"Child support has to do two things: go to court and disperse money. NOMADS wasn't designed to do either," says Annette Mansfield, who represents Washoe County in dealing with the program.

Florence correctly points out that the system is generally accurate when it says something is wrong. But Gammick and Brian Chally, chief civil deputy district attorney for Douglas County, point out that a single mother can't always get the money she's entitled to get.

Gammick said the state had more than $300,000 tied up for a month's time - money that should be going out to single moms - because the system kept holding up checks.

Other problems include mandatory labeling of a child whose parents weren't married as a "BOW" - born out of wedlock. Activists fought for years to convince states to stop such labeling, but NOMADS reinstates the practice.

But there's no code to identify someone as an ex-husband, ex-wife, boyfriend or girlfriend - four labels that identify nearly everyone involved in a case.

In a couple of places, the name of a judge handling a case must be entered. But the list names all lawyers - not just the judges - in the state and is sorted alphabetically by first name, not last.

-- Homer Beanfang (, January 19, 2000


--no problem, get rid of welfare, advertise a two year window to get out, don't do it anymore, unplug buggy system and donate it to--who knows, some place we don't like very much. Save taxpayers mucho dineros. Put money into education and how stoopid it is to have out of wedlock kids with no stable working father, etc. Over simplistic, lot of additional factors to welfare system, but reality must be faced, the US is still the US, folks risk their lives just to come here for the still existant opportunities. Not all by any means, but I used to do contract remodeling section 8 housing. GIMME A BREAK ON WELFARE. Geez, the stories...there's such a thing as giving honest folks a hand in emergencies, once it gets to be three generations it's time to rethink that whole scheme.

Goes for corporate welfare, too. "Deducting" yachts and trips and parties, etc...GIMME A BREAK PART DEUX

-- zog (, January 19, 2000.

Zog, welfare is here to stay in some form or another, because it is the vote machine for the democratic party (republican for the yacht types), the politicians don't care about the damage to the social fabric, or the moral implications of three generations of dependency. Repeat: They don't care. Certain groups of people were slaves, oppressed workers, immigrants or what have you in the distant past, so the politicians say 'You are ENTITLED to this because our ancestors trweated your ancestors badly, and I the great (fill in name) have brought you the goodies' and so it goes from generation to generation. THe so called reform that has happened under Clinton was forced on him nearly at gunpoint, and guess what, it WORKED so now he's trying to claim it as his legacy!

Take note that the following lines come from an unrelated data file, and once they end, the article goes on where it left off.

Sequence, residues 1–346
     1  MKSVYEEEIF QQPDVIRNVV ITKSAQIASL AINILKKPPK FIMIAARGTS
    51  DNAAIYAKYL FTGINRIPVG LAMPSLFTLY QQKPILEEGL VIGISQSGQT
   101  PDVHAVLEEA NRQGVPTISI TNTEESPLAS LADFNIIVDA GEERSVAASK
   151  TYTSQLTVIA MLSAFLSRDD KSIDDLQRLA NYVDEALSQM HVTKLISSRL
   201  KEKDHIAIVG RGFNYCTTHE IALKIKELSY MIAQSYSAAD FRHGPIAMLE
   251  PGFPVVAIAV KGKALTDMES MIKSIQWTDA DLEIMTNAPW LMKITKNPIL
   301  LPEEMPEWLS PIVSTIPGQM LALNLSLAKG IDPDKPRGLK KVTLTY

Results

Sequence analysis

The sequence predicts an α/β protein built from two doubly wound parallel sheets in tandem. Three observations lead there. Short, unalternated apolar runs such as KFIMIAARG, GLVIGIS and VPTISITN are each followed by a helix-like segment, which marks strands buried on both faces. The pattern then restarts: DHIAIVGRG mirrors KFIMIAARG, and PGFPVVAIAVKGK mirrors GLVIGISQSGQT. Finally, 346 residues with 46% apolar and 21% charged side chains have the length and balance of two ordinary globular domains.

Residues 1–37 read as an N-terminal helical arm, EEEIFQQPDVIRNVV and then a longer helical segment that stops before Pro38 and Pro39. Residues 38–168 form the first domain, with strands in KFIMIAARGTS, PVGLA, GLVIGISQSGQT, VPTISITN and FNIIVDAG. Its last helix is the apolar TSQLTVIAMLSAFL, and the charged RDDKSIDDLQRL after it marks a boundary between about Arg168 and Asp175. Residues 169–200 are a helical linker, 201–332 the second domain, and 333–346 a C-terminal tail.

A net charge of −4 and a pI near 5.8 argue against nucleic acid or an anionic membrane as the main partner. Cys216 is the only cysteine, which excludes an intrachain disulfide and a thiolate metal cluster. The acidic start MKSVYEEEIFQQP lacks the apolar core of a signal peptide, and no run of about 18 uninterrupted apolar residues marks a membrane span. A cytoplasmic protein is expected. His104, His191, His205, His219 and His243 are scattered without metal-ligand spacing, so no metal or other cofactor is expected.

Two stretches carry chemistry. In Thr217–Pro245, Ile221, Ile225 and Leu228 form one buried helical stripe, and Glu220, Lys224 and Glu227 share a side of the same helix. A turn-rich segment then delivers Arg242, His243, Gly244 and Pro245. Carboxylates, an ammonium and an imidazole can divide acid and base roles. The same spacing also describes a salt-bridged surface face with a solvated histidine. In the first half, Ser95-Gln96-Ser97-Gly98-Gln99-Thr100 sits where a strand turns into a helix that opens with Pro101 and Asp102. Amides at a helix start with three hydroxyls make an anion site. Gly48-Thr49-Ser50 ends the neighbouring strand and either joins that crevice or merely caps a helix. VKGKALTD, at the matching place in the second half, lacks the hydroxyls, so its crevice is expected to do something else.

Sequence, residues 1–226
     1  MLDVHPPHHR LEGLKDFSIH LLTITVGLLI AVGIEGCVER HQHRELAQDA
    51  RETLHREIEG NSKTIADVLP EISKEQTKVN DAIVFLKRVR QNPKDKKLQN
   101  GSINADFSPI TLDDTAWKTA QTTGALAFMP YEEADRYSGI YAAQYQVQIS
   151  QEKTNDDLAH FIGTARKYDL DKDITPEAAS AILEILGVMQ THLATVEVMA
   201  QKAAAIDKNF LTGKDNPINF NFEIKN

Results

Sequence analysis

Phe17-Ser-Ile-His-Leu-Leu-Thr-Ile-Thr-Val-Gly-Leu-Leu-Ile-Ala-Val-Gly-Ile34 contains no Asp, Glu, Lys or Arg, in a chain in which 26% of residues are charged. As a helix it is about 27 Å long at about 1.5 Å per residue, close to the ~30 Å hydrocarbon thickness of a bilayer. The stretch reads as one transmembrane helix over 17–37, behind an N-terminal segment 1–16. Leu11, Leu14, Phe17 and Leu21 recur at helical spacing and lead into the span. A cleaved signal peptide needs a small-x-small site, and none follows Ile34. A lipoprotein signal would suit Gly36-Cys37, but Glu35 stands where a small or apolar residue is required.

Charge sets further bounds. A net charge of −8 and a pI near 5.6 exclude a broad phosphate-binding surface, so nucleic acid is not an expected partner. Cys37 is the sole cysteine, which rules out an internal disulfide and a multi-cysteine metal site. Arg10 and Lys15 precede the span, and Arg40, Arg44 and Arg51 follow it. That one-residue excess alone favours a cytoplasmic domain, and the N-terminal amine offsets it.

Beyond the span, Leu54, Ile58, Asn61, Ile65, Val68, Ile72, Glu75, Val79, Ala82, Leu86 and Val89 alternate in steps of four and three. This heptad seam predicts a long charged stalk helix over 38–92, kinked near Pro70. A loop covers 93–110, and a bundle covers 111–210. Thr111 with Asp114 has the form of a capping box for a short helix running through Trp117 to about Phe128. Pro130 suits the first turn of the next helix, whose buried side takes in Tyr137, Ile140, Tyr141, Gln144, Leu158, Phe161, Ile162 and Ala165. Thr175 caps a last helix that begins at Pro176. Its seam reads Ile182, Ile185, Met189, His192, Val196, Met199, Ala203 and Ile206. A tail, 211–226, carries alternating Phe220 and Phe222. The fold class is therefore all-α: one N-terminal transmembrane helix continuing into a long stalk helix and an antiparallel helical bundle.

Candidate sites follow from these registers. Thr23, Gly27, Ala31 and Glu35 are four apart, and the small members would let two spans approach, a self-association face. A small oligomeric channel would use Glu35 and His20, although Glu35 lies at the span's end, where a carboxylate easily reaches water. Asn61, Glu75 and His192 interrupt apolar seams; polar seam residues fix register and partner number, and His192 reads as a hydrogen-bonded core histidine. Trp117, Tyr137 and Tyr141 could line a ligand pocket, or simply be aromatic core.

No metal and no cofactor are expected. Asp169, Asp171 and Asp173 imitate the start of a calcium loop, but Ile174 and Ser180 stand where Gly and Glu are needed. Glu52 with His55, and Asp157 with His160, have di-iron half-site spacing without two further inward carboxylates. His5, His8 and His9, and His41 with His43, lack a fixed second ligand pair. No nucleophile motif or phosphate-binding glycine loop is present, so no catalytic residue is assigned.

But the chicken is coming home to roost in Social Security, because the numbers don't add up, won't add up, can't add up. Too many boomers, too few Xers, politics of any stripe never change math. SO the can gets kicked down the road, and SS has to be 'saved' every five years or so. Carter, Reagan, Bush and Clinton have all 'saved' social security temporarily until they leave office, then the next guy finds out that the numbers don't add up, won't, can't, aint gonna. So don't fret, Zog, the welfare state will soon enough run out of creative long division, benefits will be means tested, and even then be so small as to be a joke. Unless, of course, the politicians think that the younger generation will tolerate 80% income tax rates to support it. But don't think the politicians will end it, even then. Not as long as there is a vote to be had.

-- Forrest Covington (, January 19, 2000.

So tell me Forest. What do you purpose? By the way. Did you ever live in a small town along the Columbia and Lewis River?

-- John Q (, January 19, 2000.